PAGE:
Let $D\subset \mathbb R^2$ be a region and let $\Lambda=\{\lambda_1,\lambda_2,\dots\}$ be the set of eigenvalues of the Laplacian $-\Delta$ (with boundary condition $\psi=0$ on $\partial D$).

Mark Kac, in his famous article *Can One Hear the Shape of a Drum?*, only considers asymptotics of the function $\sum_{\lambda\in\Lambda}e^{-\lambda t}$ as $t\to0^+$, hence cannot detect if finitely many $\lambda_i$'s are modified. This lead me to wonder:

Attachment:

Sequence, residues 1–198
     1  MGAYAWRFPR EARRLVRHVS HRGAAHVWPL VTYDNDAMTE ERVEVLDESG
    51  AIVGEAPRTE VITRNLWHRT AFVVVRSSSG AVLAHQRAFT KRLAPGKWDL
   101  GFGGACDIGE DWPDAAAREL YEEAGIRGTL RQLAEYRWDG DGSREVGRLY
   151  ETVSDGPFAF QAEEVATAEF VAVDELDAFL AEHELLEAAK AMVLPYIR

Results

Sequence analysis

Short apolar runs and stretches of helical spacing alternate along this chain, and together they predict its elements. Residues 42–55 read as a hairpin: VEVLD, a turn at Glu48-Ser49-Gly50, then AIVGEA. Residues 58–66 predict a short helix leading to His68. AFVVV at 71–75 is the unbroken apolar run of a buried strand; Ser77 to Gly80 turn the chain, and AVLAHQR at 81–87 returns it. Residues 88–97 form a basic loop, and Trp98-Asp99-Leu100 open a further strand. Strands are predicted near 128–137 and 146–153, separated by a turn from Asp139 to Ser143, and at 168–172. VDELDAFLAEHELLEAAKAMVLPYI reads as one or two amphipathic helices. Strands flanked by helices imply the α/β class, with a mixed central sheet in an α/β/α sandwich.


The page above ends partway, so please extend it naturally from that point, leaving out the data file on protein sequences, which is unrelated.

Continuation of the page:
Can there be two planar regions $D_1$ and $D_2$ with Laplace eigenvalues $\Lambda_1$ and $\Lambda_2$, respectively, such that there exists a $\lambda>0$ such that $\Lambda_1\cap\mathbb R_{>\lambda}=\Lambda_2\cap\mathbb R_{>\lambda}$ but $\Lambda_1\ne\Lambda_2$? In other words, can two regions be "almost" isospectral without actually being isospectral?

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